There are more than 20,000 species of Malacostracans described to date. Members of Malacostraca generally have a total of 19-20 segments; 5 segments make up the cephalon or head, 8 segments compose the thorax, and 6 or 7 segments make up the abdomen. It is difficult to generalize about Malacostracans because the group is so large and diverse. For example, some have a carapace and some do not.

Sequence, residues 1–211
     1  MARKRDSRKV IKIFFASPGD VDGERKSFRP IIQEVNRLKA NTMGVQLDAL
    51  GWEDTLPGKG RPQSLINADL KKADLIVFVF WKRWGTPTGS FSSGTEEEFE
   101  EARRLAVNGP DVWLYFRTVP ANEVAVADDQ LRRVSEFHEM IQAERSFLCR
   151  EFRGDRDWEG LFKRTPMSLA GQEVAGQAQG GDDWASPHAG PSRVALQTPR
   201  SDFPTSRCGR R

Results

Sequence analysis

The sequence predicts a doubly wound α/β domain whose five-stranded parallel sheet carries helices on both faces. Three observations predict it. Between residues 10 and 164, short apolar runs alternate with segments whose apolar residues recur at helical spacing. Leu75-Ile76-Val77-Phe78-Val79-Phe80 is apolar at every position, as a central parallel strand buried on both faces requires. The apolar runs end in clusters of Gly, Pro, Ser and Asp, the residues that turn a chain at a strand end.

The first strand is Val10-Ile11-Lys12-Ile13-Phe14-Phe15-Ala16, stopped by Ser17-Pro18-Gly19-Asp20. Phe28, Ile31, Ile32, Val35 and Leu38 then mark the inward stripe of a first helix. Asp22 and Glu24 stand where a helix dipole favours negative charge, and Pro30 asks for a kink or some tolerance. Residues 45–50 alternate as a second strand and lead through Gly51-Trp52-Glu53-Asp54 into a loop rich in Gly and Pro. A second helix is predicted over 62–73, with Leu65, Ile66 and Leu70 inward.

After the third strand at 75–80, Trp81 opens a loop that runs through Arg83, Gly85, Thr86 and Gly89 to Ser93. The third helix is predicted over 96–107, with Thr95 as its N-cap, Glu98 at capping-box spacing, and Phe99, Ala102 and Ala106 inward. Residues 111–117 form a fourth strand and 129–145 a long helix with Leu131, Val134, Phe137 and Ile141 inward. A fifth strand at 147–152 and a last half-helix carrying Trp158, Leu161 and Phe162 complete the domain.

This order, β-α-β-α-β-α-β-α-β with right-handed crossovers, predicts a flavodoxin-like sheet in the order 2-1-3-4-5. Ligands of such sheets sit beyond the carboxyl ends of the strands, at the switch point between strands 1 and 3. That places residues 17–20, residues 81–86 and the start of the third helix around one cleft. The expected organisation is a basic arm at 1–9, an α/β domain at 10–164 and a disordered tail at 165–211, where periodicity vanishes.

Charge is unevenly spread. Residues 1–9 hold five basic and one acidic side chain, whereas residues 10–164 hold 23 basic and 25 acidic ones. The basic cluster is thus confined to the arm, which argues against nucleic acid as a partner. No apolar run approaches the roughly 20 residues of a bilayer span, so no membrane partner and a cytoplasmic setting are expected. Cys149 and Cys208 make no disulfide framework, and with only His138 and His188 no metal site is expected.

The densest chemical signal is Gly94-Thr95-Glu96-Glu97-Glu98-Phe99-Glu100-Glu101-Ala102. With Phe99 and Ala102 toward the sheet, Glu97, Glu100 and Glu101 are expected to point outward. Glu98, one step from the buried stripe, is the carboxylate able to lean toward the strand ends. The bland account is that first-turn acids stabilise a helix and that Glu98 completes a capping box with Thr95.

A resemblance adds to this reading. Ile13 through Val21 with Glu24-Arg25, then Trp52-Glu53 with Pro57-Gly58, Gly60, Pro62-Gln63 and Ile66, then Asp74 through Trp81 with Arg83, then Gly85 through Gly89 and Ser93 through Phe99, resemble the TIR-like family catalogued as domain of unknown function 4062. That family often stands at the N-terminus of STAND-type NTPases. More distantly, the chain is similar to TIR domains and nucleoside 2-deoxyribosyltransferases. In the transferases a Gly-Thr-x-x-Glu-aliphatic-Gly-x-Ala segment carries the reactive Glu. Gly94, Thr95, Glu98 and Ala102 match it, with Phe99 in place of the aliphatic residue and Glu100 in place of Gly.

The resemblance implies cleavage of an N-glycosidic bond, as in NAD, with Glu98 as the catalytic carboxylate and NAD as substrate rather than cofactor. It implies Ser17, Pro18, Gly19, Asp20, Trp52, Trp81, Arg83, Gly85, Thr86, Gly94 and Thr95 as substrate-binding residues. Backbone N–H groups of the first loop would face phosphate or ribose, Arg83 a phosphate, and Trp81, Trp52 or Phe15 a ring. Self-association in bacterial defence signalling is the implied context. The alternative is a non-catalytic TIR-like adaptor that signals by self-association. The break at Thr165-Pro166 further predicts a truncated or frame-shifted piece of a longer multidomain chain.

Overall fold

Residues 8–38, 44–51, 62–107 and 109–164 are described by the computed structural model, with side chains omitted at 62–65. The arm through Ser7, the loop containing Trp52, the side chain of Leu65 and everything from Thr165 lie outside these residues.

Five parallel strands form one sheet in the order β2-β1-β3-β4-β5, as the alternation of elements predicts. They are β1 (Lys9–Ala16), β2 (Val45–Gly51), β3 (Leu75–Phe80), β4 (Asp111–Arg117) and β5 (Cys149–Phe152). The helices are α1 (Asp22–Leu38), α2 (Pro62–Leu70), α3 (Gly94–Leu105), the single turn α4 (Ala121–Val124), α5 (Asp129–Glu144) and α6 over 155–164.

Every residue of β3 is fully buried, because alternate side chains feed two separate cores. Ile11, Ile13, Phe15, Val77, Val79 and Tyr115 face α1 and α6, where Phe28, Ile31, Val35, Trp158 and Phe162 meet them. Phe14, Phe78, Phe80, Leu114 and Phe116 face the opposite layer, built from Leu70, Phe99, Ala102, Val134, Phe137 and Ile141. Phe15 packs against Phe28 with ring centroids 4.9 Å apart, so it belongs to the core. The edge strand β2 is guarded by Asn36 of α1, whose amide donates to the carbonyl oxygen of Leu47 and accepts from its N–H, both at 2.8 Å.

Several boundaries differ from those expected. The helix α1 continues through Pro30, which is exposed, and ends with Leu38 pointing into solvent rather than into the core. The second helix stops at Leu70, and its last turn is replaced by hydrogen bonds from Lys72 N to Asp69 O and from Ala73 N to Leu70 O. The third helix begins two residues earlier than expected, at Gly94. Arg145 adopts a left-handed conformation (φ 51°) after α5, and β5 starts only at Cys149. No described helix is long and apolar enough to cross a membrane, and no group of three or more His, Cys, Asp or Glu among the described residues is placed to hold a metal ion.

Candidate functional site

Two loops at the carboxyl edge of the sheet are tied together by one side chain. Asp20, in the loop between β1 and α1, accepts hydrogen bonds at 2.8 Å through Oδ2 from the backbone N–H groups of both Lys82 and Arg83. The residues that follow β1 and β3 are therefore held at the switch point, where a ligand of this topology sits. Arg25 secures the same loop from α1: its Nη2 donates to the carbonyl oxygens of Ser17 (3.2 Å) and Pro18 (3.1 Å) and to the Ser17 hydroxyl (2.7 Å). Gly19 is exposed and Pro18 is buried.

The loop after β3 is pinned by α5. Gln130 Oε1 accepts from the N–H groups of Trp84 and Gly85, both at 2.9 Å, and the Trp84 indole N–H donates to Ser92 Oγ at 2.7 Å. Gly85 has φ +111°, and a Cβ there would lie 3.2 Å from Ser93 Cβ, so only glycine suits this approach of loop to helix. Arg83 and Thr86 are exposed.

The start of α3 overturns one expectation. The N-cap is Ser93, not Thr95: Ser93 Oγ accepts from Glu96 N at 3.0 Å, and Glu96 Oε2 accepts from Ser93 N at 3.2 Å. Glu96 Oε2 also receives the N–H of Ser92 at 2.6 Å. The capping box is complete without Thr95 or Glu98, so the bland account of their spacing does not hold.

Malacostraca can be divided into two groups, the Phyllocarida, and the Eumalacostraca. Phyllocarida contains the oldest crustacean known and includes only one living group. They are also the only Malacostracans with phyllopodus (leaf-like) appendages. The Eumalacostraca consists of all Malacostracan groups other than the Phyllocarida. Eumalacostracans generally possess a well-developed carapace and a long, muscular abdomen. Eumalacostraca is the group that contains most of the animals the general public recognize as crustaceans, such as shrimp, crabs, lobsters. Choose from the cladogram below to begin exploring the Malacostraca.